Artists' Artists: Dominique Gonzalez-Foerster

Super eight

BY Dominique Gonzalez-Foerster in Features | 27 SEP 17

Georgiana Houghton (1814–84)
Hilma af Klint (1862–1944)
Ada Emma Deane (1864–1957)
Florine Stettheimer (1871–1944)
Georgia O’Keeffe (1887–1986)
Maria Martins (1894–1973)
Ana Mendieta (1948–85)
Francesca Woodman (1958–81) What if we could clearly see the artworks realized by the above list of artists not only within the context of their cultural, biological and social production but also as examples of extraordinary, successful disruptions of a dominant visual grammar that use techniques such as spiritualism and photography, among others? All of these artists have, at some point, been criticized, rejected, endangered, forgotten and rediscovered.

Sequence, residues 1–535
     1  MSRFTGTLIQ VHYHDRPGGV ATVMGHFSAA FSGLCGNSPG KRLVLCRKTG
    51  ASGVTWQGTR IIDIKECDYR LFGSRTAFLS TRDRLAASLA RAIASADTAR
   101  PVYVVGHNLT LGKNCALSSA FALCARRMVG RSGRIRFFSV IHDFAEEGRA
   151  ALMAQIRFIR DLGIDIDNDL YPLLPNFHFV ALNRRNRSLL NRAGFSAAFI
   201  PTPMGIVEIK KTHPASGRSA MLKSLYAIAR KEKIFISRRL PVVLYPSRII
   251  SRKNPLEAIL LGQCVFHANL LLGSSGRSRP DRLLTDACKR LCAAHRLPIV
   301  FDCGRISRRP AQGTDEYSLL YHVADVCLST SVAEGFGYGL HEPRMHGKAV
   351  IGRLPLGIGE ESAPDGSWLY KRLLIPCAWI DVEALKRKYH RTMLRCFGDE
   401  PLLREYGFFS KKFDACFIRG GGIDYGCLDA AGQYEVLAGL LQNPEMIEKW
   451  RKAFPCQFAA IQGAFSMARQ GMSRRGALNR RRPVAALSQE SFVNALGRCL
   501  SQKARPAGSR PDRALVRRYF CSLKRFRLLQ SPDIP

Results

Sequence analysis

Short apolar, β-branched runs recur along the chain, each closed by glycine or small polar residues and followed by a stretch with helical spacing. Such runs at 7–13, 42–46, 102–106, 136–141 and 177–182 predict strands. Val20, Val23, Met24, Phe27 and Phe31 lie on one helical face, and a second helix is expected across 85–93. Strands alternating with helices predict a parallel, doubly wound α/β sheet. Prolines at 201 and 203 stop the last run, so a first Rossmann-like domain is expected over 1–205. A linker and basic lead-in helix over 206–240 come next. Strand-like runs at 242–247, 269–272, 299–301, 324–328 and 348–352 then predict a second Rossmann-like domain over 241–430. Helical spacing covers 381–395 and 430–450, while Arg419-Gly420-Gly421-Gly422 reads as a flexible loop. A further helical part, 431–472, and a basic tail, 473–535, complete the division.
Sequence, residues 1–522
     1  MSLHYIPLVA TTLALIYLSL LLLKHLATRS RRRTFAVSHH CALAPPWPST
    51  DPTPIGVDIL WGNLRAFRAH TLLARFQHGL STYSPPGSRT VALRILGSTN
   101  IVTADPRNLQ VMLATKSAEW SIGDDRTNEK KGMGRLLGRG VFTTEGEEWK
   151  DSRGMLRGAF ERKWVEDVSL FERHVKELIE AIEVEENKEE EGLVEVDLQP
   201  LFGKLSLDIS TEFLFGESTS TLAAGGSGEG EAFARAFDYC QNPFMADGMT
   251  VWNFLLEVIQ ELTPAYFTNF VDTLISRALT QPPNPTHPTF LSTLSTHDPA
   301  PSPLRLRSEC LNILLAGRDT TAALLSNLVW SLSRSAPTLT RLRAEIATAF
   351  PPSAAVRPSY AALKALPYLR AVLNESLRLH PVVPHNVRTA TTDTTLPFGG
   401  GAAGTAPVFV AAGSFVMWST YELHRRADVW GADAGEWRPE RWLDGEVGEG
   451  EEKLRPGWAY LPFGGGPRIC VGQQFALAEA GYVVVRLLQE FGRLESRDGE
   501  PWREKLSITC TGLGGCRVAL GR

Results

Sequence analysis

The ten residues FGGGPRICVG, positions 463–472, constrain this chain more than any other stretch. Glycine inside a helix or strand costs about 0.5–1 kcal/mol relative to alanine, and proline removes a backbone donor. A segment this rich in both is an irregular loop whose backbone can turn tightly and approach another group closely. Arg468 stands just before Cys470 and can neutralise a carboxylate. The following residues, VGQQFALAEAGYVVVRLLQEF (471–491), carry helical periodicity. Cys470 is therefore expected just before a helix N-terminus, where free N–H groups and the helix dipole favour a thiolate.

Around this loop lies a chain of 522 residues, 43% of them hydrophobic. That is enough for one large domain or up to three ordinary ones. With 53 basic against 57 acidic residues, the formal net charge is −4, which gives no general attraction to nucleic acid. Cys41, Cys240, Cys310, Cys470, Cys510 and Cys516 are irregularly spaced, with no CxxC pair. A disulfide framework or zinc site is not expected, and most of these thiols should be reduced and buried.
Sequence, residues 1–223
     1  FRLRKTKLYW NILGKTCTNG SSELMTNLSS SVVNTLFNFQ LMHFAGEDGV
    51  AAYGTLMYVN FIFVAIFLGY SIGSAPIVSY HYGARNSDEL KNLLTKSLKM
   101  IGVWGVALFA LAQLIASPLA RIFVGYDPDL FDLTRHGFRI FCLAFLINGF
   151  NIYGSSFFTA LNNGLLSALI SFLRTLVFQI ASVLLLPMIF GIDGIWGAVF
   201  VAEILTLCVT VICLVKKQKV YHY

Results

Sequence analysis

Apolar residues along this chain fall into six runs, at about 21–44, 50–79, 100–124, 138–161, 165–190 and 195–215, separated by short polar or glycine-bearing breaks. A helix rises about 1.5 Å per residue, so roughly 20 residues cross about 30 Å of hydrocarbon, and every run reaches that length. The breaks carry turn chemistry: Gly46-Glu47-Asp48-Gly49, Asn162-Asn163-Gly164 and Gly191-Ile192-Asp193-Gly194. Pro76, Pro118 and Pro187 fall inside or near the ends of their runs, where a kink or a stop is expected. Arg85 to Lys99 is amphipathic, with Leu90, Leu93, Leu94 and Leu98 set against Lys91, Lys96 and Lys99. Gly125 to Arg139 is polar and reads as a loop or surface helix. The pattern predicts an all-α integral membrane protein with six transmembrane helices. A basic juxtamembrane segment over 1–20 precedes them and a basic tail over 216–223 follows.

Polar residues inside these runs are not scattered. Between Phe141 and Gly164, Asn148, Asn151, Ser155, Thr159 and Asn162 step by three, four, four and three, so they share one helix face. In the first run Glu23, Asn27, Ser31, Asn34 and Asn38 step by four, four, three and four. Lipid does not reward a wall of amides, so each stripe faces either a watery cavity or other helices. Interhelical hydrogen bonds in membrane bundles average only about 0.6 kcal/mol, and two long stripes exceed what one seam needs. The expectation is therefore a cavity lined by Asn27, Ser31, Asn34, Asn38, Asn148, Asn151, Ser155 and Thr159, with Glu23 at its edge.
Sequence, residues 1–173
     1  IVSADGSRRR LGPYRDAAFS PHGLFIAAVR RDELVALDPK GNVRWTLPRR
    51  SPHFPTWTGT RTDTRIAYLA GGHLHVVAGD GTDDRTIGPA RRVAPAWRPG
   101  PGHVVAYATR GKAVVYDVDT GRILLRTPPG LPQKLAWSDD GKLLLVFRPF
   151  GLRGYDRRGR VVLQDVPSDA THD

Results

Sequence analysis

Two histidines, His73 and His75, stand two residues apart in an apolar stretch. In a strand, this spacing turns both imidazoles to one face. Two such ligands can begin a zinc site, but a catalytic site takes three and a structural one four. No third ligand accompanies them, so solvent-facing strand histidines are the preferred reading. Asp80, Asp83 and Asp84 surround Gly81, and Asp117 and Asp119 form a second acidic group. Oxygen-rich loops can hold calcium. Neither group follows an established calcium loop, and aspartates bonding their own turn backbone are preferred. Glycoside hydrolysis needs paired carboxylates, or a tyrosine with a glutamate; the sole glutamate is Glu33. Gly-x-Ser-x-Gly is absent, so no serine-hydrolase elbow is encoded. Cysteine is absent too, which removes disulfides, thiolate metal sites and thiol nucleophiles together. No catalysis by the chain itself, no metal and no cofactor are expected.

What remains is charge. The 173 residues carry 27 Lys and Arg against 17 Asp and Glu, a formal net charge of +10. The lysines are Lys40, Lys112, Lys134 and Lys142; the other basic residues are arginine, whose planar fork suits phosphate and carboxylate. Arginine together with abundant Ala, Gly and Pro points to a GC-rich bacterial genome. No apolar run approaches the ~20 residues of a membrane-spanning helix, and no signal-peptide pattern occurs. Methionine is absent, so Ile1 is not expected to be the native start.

The visual arts have been a fantastic playground for a complete or partial emancipation from oppressive rules and traditions, but identifying these artistic practices mainly with spirits, pulsions, emotions, sex and nature is a fearful and overly simplistic way of avoiding their intensity, complexity and innovation. (Stop the witch hunt.)

Main image: Georgiana Houghton, 2nd August, Untitled (detail), 1875, watercolour and gouache on paper, 2.5 x 3.6 m. Courtesy: Victorian Spiritualists’ Union and Monash University Museum of Art, Melbourne, Australia

Dominique Gonzalez-Foerster lives in Paris, France, and Rio de Janeiro, Brazil. Her work has recently been included in group shows at Shanghai Himalayas Museum, China, Centre Pompidou-Metz, France, Red Brick Art Museum, Beijing, China, Times Museum, Guangzhou, China, and Villa Empain, Brussels, Belgium